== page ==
Type safety in libraries

I wonder if this subject was already studied, as I think I need to look into it for my language. How do you ensure type safety across compilation boundaries?

For example, I am thinking of the situation where a type is shared between an application and a dynamic library. There is no control over the memory layout of the type if both are compiled separately. You could decide that the type belongs to the other codebase, and only perform safe operations on it (call methods, etc.) this way differences in version and even in implementation do not break your code.

But what if both have the type compiled in and this cannot change? The library could interface with some other code which requires the type to be implemented in the library, and the application may need to perform operations which require the memory layout of the type to be used.

In Java, there is bytecode verification - I do not want to depend on using bytecode. Ideally dodo should compile to machine instructions.

In C++, the memory layout is explicitly defined in header files which are shared between different pieces of code - this is brittle and poor encapsulation.

In Lisp, all structures are reducible to cons operations. This is more seductive but I don't think I could live with the performance penalty.

In all these cases, the internal state of an object is accessible by foreign code -although in the case of Java the JVM can put restrictions on code other than its own- which I want to avoid.

In some cases I could rebuild the object at the other end based on my (known) implementation of the type and the public properties of the object, but this does not always contain enough info to do anything useful.

Could I determine in a trusted way if separately compiled pieces of code use the same implementation of a type?

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At some level there must be

At some level there must be an agreement between the application and the library. Even if you use introspection then the introspection data needs to be agreed. But at least that defines a limit to the amount of agreement needed, and keeps it internal to the introspection system instead of needing agreement on the interface to all user code.

Also note that without agreement there are no safe operations, for example you suggest method calls as safe, but on some platforms Gnu and MS compilers have different ABIs so you can't mix code compiled by different compilers. And as far as I know there is no way of checking.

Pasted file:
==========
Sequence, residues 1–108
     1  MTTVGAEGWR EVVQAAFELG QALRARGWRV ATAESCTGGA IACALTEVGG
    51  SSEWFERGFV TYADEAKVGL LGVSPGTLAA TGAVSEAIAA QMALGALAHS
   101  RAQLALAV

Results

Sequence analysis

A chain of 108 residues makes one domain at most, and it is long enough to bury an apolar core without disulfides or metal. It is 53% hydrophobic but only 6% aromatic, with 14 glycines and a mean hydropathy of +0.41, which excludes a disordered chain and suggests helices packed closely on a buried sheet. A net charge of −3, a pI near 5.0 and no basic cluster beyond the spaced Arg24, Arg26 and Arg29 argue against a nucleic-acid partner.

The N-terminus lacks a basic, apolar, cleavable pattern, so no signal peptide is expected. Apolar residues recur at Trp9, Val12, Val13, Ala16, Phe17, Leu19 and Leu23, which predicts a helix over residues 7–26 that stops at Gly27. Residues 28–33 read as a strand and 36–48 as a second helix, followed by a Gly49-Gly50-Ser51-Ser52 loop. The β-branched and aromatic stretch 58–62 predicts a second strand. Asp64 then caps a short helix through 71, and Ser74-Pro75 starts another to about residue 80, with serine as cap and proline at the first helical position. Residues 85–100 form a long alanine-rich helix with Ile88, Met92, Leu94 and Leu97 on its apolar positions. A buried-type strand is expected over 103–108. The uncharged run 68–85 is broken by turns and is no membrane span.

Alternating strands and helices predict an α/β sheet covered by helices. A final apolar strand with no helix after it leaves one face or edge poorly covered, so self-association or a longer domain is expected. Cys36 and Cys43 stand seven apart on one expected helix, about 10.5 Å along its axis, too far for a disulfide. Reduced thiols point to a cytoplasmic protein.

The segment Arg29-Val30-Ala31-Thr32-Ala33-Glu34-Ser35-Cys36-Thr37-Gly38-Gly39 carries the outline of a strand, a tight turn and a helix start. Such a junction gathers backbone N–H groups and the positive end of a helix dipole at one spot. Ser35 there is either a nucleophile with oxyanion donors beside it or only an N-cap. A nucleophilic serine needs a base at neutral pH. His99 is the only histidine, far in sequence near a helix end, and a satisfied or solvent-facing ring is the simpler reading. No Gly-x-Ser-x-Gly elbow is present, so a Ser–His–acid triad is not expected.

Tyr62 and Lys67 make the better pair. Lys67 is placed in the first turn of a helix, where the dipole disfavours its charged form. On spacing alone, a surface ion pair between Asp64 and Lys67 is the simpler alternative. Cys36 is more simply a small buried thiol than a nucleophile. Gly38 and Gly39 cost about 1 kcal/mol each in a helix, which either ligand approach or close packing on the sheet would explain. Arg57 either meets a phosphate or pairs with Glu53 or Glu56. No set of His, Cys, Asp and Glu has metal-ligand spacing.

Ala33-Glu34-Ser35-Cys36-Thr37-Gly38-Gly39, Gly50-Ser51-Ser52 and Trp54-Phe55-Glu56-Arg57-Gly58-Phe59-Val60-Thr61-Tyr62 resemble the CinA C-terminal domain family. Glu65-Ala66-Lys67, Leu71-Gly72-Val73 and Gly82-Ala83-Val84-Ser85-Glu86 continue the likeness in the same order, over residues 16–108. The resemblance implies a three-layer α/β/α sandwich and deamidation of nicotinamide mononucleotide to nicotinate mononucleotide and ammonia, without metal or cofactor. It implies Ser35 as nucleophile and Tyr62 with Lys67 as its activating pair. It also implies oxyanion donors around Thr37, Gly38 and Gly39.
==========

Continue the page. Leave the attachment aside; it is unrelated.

What you're asking is this:

"After I discard all type information by conventional compilation, can I verify type consistency?" Obviously the answer is no. You have to stash it somewhere if you want it.

One possibility is to keep it in a separate object file in parallel with the conventional object format of the platform. This is what GNU Ada does to keep track of dependency information: each parallel-object file contains the timestamps of all the source files on which the object file depends, and a pre-linker pass will refuse to work if an object file is out of date with respect to the source.

I expected that would be the

I expected that would be the case. I will have to keep some metadata which the loader will use to check consistency. But this scheme does not enforce a relation of trust between the application and the library, so it could be intentionally or not defeated.

It seems you are gesturing

It seems you are gesturing in the direction of typed assembly language and PCC.

Which kind of assembly?

Is it "assembly" in the sense of assembling object files or "assembly" in the sense of down-to-the-metal kind of language?

PCC is proof-carrying code, thanks for the pointer. And the paper I found indicates this does not incur run-time penalties :-))))

"Typed Assembly Language" as

"Typed Assembly Language" as in machine code that's typed. TAL is the acronym.


well, "Type-safe" code is code that accesses types only in well-defined, allowable ways. so if the code accesses memory at arbitrary offsets outside the range of memory that belongs to that object's publicly exposed fields, it is not type-safe.

INDEED!!! your libs should be type-safe to prevents users overhead and let their programs stable without any extra work like casting or null detection

Is it generally practical to

Is it generally practical to be type-safe in the way you defined? For performance reasons, I expect this form of safety to be broken occasionally (but if the type is defined in only one place, we are safe).